Development and Psychopathology

Research Article

Female and male antisocial trajectories: From childhood origins to adult outcomes

Candice L. Odgersa1 c1, Terrie E. Moffitta2a3, Jonathan M. Broadbenta4, Nigel Dicksona4, Robert J. Hancoxa4, Honalee Harringtona5, Richie Poultona4, Malcolm R. Searsa6, W. Murray Thomsona4 and Avshalom Caspia2a3

a1 University of California–Irvine

a2 King's College, London

a3 Duke University

a4 University of Otago, New Zealand

a5 University of Wisconsin

a6 McMaster University

Abstract

This article reports on the childhood origins and adult outcomes of female versus male antisocial behavior trajectories in the Dunedin longitudinal study. Four antisocial behavior trajectory groups were identified among females and males using general growth mixture modeling and included life-course persistent (LCP), adolescent-onset, childhood-limited, and low trajectory groups. During childhood, both LCP females and males were characterized by social, familial and neurodevelopmental risk factors, whereas those on the adolescent-onset pathway were not. At age 32, women and men on the LCP pathway were engaging in serious violence and experiencing significant mental health, physical health, and economic problems. Females and males on the adolescent-onset pathway were also experiencing difficulties at age 32, although to a lesser extent. Although more males than females followed the LCP trajectory, findings support similarities across gender with respect to developmental trajectories of antisocial behavior and their associated childhood origins and adult consequences. Implications for theory, research, and practice are discussed.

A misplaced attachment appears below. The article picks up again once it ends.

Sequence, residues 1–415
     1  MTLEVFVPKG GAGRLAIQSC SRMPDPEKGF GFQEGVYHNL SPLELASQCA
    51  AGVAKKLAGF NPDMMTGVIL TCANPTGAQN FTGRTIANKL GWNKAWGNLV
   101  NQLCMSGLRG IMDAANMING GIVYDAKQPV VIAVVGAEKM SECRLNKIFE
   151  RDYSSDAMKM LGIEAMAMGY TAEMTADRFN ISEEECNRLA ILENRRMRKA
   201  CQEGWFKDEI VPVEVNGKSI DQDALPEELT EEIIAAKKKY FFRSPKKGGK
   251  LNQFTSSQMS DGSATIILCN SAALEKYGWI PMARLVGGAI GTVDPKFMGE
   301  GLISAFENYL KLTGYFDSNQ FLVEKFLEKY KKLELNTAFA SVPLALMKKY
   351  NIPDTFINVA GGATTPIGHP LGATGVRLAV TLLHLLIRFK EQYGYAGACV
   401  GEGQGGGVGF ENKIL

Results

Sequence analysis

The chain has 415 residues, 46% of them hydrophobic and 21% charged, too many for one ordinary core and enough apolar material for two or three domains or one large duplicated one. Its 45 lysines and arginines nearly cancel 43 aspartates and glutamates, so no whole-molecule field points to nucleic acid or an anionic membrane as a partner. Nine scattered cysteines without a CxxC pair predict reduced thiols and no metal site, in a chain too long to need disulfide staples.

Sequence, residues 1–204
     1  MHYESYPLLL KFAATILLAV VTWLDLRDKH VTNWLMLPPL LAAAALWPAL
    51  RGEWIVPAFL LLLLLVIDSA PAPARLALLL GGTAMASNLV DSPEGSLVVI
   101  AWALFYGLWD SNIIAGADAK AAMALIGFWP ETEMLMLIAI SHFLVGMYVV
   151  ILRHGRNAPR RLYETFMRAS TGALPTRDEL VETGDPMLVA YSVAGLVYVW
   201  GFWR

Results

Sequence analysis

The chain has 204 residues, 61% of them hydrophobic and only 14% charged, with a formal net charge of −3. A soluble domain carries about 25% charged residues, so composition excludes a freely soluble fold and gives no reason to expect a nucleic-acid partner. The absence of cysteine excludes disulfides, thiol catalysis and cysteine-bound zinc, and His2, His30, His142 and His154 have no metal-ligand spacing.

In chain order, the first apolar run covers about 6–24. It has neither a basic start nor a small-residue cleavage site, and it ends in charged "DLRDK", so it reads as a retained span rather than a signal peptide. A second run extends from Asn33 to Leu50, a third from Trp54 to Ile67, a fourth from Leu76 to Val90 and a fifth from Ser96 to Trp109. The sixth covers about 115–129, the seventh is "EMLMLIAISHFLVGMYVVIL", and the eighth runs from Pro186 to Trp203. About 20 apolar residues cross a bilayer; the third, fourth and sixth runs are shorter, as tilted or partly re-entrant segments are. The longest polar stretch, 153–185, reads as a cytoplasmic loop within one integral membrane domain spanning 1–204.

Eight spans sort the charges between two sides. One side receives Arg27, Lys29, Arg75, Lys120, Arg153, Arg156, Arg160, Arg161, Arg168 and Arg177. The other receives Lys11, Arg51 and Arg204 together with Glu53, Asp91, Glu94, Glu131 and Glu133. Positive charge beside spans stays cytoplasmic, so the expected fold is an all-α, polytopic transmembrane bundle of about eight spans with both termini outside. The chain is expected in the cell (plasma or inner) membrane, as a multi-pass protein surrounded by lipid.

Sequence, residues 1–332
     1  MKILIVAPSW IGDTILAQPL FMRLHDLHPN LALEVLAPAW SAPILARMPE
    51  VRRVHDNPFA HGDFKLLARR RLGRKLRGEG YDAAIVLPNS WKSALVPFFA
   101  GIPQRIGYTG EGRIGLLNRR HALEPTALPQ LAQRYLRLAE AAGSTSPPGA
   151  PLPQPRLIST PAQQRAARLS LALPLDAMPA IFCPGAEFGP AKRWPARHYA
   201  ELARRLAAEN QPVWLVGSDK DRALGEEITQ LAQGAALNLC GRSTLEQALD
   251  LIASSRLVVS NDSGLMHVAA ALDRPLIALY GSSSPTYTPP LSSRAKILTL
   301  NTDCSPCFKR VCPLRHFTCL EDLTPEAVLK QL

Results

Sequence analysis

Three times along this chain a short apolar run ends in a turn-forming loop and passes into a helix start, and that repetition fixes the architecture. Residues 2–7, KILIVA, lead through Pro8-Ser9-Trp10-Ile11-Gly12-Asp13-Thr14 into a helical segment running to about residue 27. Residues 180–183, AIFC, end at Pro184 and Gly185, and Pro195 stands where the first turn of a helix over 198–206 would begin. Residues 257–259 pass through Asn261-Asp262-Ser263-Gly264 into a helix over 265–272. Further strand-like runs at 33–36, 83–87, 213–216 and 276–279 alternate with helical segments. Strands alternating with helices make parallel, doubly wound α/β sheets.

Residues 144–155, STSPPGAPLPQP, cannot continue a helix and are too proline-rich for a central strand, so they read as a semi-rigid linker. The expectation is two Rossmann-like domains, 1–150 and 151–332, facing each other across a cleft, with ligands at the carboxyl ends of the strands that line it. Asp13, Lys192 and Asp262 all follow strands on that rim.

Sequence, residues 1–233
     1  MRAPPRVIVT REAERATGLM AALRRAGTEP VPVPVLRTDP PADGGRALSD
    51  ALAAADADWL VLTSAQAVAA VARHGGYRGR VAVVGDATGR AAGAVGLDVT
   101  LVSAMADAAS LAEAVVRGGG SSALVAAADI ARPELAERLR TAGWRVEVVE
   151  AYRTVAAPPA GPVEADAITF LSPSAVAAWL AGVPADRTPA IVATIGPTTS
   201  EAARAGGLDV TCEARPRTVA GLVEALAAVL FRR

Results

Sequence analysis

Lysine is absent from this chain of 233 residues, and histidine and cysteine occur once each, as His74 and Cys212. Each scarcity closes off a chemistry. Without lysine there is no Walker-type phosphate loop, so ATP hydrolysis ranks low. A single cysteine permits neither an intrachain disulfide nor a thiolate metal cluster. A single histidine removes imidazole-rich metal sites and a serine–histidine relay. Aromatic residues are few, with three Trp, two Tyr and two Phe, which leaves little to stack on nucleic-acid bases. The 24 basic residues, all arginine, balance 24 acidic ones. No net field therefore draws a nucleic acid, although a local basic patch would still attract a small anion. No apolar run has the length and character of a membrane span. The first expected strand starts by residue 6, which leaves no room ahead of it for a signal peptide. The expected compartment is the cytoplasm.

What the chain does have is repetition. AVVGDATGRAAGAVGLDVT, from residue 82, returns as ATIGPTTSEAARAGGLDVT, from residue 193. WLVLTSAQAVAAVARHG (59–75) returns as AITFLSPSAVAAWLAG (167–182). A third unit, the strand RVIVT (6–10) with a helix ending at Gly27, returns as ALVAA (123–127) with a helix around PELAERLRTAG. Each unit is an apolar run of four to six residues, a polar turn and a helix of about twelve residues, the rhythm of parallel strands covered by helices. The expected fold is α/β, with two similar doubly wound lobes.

Correspondence

c1 Address correspondence and reprint requests to: Candice L. Odgers, Department of Psychology and Social Behavior, University of California–Irvine, Irvine, CA 92697-7085; E-mail: codgers@uci.edu.

Footnotes

This work was supported by grants from the US National Institute of Mental Health (Grants MH45070 and MH49414), UK Medical Research Council (G0100527), Economic and Social Research Council, William T. Grant Foundation, Health Research Council of New Zealand, Social Sciences and Humanities Research Council of Canada (756-2004-0041), and US National Institute for Dental and Craniofacial Research (R01 DE-015260-01A1). Candice L. Odgers is a Michael Smith Foundation for Health Research Trainee. Terrie E. Moffitt and Avshalom Caspi are Royal Society Wolfson Research Merit Award holders. We thank the Dunedin study members, Unit research staff, Alan Taylor, Louise Arsenault, Daniel Nagin, and study founder Phil Silva.